Melissa’s Aunt Linda and Aunt Sue arrived on July 9 and got us on track. By the time they left on July 12, we were feeling so ridiculously confident that we considered bumping up our move date from July 24 to July 21. Luckily, the movers told us they weren’t available. Whew! On July 17, Rachel arrived from Seattle and kept us on track with packing, particularly once Melissa shared her dream of Saturday wine tasting. Even with eight car loads to Goodwill, two big bags to Dress for Success, a truck load to the dump, furniture and random items posted on Next Door, and furniture to Melissa’s brother Jesse, there was a lot to pack. And we did it! By Sunday afternoon we were able to announce to Sam at Benny’s birthday party that we were ready for the Monday morning movers.
Expectation challenge 1: Tom thought the movers would be able to load the truck in about an hour. Melissa thought that it would probably take two hours. In fact, after 4 ½ hours, those hard-working young men had to break the news that the truck was full and they’d have to go unload some stuff before they could finish. In total, it took them over 7 hours to load up at our house and unload into storage space in their warehouse. We were delighted by the care they took in protecting everything with both furniture blankets and shrink-wrap but a bit surprised by the time and expense. Still, we got all of the belongings we planned to take to India over to Tom’s mom Elaine’s house and then made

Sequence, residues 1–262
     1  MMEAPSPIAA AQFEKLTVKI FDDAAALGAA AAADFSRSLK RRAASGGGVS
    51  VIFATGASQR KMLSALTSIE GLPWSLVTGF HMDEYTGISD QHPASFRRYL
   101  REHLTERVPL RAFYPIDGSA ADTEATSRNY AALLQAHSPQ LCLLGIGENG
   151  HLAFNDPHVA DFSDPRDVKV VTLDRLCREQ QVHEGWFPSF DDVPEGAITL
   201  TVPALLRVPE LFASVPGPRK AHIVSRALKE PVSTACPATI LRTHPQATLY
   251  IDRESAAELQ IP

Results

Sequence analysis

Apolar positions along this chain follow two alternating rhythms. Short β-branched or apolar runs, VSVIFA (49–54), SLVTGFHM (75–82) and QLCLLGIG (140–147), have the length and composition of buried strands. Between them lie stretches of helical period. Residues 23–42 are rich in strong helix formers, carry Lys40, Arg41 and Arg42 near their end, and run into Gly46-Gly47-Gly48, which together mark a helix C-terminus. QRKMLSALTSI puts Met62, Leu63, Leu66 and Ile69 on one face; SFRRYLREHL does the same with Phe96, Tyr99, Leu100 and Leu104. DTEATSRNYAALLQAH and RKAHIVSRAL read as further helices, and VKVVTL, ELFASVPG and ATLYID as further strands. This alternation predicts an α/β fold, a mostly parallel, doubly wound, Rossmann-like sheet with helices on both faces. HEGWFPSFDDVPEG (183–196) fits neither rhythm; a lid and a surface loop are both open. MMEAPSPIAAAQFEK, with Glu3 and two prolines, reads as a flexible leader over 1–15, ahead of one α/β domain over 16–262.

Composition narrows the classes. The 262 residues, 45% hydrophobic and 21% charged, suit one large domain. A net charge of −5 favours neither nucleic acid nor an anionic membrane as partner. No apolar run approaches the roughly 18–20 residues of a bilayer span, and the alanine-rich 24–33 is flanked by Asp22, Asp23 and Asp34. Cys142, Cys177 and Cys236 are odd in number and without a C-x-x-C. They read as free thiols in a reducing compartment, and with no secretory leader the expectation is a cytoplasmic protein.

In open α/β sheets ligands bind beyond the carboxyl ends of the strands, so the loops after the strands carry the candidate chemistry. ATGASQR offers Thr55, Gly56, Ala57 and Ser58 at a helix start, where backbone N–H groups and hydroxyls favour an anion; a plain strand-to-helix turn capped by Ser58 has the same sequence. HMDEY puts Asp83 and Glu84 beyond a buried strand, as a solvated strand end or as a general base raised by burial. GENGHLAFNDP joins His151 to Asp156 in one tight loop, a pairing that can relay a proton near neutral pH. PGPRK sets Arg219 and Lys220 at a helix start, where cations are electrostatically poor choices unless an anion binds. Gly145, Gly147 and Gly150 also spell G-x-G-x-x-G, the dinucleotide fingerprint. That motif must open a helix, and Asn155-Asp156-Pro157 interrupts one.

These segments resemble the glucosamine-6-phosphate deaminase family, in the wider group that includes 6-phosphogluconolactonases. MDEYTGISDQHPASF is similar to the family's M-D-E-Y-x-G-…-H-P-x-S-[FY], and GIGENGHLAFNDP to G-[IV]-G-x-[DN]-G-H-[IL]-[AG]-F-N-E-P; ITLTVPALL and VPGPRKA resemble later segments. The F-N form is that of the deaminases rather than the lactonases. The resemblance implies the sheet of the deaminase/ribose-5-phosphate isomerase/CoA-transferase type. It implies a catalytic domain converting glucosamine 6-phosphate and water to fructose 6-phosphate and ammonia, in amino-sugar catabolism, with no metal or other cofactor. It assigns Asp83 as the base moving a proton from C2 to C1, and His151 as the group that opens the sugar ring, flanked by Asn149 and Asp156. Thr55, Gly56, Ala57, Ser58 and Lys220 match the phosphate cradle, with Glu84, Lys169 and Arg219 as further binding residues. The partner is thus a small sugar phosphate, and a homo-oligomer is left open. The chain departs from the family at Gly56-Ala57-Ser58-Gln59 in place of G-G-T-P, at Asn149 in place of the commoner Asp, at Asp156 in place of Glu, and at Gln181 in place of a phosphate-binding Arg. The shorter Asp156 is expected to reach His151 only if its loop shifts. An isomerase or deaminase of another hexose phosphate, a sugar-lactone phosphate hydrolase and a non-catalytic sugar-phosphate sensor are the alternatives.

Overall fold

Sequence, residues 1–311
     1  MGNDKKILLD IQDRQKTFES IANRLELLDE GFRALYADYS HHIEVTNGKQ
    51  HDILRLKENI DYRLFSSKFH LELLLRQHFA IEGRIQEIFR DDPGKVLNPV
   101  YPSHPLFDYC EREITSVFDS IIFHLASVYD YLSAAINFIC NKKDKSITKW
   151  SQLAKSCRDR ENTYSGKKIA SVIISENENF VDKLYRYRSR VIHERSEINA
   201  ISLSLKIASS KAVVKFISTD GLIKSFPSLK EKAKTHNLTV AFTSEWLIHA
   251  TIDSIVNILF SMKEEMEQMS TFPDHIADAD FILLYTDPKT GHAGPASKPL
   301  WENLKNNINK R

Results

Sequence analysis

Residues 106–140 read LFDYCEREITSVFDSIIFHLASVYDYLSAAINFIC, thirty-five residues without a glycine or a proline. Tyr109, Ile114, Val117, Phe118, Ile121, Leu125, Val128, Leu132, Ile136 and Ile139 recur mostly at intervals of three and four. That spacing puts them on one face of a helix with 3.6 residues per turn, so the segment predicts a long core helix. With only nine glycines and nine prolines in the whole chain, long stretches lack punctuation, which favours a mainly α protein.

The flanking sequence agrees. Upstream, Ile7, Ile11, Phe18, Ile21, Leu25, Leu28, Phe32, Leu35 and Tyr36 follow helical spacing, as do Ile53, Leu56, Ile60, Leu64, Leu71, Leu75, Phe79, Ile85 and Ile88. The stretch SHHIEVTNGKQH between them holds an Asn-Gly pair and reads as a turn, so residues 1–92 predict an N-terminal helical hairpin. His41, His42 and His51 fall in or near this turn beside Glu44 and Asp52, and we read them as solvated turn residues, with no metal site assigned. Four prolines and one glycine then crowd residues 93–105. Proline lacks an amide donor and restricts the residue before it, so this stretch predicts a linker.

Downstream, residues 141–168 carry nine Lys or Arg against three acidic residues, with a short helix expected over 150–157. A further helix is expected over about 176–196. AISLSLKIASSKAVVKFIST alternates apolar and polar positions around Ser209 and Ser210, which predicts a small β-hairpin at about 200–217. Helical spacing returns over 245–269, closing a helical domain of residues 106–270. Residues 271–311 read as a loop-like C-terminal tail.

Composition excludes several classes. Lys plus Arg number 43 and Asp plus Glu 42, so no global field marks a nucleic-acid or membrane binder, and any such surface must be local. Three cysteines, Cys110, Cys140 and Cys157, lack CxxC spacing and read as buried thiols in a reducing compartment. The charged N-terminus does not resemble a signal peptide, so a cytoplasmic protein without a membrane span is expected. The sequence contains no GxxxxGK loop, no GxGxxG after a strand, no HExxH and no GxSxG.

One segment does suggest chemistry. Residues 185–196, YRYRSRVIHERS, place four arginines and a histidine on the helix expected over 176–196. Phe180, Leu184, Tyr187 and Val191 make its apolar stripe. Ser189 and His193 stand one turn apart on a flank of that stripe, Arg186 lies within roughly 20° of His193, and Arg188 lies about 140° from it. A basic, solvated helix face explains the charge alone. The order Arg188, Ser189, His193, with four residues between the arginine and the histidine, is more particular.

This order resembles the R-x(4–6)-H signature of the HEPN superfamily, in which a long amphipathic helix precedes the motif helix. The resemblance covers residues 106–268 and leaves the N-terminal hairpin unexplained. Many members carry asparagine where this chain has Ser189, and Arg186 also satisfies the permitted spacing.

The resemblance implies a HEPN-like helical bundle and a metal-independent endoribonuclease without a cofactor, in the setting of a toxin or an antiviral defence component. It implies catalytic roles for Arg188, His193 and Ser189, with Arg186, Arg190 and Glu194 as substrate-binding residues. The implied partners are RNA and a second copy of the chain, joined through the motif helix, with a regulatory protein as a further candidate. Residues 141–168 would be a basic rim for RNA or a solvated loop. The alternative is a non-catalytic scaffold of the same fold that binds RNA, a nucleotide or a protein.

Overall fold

it to the meet-up point for Tom to sell his car in plenty of time. Mission accomplished! Then we got to enjoy a week of relative relaxation (interrupted by appointments with the dentist, our tax guy, the escrow guy, and various other necessities) before finishing up with a big family dinner the night before we left.